6. Put an ND filter on the lens to get the aperture into the range you want. I like to shoot at f/8 on my Zeiss 21mm Canon fit lens so I often use a x4 ND filter (2 stops or ND 0.6 eqv). If Im using my 60mm Fuji lens I might use a x32 filter (5 stops or ND 1.2 eqv) to get the lens open to f/2.8. With the electronic viewfinder, LCD or optical viewfinder of a mirrorless camera this filter is completely usable without any noticeable change in screen brightness as all three viewing modes are unaffected. With an SLR the screen image becomes very dark indeed. With SLRs there are high speed sync systems that can get around this short fall but they won’t all work with big flash packs.

7. Switch the flash to half power and place it in the desired position with the appropriate modifier. Obviously positioning of the flash is the artistic bit and is a subject all of it’s own.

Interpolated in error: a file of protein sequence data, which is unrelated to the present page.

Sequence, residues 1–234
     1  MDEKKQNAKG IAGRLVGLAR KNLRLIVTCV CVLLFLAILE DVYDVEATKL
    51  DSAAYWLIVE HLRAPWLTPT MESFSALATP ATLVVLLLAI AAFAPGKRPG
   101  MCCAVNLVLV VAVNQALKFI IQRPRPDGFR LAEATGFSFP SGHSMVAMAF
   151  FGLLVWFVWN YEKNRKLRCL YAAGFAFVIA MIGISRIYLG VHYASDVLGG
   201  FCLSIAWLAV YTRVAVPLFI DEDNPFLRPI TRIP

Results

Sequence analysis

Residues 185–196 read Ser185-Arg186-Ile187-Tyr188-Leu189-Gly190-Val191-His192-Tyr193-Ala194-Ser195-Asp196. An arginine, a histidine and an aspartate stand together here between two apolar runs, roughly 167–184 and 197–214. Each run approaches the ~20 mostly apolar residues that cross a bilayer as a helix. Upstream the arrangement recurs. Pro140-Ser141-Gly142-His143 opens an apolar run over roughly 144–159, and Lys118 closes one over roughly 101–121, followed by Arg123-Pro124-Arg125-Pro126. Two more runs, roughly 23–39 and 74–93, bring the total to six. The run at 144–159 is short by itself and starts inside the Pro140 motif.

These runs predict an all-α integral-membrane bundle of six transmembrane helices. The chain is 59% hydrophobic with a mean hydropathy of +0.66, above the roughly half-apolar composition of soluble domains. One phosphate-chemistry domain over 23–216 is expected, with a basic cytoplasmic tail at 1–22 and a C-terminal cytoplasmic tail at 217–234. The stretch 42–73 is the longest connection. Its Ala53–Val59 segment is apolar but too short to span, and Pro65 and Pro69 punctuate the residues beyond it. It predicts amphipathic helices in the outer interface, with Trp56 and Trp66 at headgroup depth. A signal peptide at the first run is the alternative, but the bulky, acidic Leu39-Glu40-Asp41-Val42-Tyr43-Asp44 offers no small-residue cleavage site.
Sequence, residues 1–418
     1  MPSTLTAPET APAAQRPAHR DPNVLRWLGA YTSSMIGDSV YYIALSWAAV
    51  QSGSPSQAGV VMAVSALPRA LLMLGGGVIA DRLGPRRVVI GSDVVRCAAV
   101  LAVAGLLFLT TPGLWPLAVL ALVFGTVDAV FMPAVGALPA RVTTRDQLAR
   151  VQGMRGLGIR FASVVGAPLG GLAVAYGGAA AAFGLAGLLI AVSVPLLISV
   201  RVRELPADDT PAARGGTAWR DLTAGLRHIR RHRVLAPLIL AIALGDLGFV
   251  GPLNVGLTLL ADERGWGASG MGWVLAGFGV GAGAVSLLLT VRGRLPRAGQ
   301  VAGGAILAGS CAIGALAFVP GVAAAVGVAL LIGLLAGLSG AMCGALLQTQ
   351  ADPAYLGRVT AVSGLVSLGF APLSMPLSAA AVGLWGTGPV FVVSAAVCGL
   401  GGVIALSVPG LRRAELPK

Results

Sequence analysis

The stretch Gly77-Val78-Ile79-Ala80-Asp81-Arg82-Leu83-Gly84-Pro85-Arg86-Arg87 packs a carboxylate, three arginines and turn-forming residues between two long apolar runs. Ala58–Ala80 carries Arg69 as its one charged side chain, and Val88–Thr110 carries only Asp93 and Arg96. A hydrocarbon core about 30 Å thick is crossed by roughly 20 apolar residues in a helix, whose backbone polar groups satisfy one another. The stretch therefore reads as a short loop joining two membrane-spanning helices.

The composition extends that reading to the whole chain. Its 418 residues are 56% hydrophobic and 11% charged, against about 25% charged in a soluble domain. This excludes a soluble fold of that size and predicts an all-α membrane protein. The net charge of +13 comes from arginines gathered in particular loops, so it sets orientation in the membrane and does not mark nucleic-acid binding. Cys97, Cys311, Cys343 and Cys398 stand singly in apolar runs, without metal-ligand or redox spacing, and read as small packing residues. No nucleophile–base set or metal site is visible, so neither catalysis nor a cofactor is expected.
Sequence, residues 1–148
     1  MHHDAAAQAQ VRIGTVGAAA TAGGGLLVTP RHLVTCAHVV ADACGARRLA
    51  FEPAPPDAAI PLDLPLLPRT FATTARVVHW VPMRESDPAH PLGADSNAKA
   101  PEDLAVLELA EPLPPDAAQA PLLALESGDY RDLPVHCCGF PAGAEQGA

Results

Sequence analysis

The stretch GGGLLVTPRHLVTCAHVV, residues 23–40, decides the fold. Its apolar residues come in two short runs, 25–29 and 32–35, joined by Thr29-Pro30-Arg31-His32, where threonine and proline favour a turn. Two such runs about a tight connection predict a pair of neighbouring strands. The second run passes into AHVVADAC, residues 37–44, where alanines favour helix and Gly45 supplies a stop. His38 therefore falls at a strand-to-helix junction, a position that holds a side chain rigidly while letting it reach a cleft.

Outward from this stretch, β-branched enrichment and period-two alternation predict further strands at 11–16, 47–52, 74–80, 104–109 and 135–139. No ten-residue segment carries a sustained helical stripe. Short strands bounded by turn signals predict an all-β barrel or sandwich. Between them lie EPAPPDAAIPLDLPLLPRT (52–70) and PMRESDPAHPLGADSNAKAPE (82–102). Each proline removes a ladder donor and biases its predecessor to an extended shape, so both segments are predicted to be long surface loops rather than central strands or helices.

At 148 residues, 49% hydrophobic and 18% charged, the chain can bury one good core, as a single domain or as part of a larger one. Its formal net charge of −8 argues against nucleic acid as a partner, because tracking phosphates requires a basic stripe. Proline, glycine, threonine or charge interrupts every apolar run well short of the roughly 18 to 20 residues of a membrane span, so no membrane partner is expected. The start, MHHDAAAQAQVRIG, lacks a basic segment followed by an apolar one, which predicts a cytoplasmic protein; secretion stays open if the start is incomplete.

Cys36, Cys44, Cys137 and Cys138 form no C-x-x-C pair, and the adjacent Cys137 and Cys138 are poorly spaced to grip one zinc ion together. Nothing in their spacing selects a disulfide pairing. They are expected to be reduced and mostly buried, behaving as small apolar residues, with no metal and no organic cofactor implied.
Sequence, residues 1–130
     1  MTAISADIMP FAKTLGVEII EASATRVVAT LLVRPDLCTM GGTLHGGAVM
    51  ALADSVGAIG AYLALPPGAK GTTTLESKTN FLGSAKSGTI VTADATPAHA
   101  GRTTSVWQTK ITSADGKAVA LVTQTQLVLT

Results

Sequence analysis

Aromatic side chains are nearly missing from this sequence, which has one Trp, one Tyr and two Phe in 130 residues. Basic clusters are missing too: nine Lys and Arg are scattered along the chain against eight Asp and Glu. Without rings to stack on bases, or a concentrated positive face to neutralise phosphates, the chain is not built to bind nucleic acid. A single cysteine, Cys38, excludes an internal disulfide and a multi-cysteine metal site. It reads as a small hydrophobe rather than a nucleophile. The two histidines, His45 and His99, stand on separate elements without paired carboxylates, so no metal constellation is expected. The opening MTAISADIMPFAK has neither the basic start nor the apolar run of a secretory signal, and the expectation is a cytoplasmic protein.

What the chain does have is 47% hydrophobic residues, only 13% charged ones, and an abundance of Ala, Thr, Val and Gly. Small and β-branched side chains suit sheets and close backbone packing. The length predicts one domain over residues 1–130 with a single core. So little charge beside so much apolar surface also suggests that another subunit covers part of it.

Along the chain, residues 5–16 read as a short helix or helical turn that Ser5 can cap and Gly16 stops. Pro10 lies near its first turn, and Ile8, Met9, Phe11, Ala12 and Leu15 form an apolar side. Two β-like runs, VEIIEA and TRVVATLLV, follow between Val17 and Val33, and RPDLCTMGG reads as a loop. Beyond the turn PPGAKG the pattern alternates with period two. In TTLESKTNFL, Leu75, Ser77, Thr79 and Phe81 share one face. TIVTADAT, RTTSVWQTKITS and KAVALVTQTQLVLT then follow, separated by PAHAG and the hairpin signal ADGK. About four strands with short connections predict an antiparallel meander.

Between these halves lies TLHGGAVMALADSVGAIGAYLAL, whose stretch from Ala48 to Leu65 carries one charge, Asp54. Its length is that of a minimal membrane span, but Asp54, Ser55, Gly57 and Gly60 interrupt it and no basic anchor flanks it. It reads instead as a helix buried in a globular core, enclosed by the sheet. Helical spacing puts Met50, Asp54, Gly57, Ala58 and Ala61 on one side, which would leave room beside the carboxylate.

I used a pair of Speedlights in a Gemini bracket with a silver umbrella to light Natalia here. By using two Speedlights I can run them on half power and get a much faster recycling time. When I’m using the flash units on manual it doesn’t matter what make of Speedlight I use. As long as it gives out light it is perfect for my needs.
Natalia was lit here with the same lighting set up as in the picture above. I established my shooting position directly into the sun so that I could use the same 2 point lighting technique I discussed on Photofocus here. I then moved the branches of the dead tree into position and used them to create a strong triangle in my composition. I posed Natalia so that her legs echoed the branches of the tree.